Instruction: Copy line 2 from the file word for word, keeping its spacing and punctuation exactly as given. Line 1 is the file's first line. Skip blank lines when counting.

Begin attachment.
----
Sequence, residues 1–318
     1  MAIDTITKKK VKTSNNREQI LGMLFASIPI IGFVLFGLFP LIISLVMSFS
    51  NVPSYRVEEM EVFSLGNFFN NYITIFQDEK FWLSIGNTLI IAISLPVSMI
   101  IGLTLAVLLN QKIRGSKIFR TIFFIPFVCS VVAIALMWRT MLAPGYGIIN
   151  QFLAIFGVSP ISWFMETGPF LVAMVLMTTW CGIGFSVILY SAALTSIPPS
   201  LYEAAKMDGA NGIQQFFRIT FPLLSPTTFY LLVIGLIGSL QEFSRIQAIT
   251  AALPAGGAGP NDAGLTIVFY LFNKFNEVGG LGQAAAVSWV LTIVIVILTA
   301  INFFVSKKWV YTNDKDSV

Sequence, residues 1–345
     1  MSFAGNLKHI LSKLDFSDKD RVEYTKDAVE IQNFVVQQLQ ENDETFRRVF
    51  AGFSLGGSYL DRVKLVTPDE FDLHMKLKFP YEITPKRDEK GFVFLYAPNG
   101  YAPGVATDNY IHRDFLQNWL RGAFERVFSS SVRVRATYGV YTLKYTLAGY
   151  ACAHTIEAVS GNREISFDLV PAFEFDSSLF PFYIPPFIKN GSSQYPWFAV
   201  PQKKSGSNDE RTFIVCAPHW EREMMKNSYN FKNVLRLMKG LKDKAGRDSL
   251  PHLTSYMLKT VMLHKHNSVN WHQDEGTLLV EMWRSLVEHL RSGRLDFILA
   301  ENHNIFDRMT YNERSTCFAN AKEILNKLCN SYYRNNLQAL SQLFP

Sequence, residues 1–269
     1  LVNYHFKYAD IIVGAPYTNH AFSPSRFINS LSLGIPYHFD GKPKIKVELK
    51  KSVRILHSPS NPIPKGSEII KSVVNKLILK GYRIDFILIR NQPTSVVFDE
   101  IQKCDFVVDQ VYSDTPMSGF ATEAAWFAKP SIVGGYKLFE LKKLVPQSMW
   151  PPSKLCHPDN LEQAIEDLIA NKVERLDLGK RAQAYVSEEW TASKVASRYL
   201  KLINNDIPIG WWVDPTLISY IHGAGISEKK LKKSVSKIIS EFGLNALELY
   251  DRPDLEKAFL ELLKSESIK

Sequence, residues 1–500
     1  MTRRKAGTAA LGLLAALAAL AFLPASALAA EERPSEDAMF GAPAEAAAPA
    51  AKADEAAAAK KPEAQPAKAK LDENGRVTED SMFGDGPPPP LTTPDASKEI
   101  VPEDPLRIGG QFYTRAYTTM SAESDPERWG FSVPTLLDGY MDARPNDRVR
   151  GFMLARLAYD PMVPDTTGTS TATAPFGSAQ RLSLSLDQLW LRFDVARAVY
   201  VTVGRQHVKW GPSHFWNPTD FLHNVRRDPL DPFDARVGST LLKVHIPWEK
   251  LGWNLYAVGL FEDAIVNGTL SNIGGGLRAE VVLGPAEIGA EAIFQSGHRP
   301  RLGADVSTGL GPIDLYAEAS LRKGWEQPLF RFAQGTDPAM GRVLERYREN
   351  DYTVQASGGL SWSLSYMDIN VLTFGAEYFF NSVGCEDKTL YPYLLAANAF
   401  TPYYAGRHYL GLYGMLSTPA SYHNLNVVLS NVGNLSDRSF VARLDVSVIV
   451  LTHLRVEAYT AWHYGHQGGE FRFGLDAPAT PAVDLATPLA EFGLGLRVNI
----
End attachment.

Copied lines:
     1  MAIDTITKKK VKTSNNREQI LGMLFASIPI IGFVLFGLFP LIISLVMSFS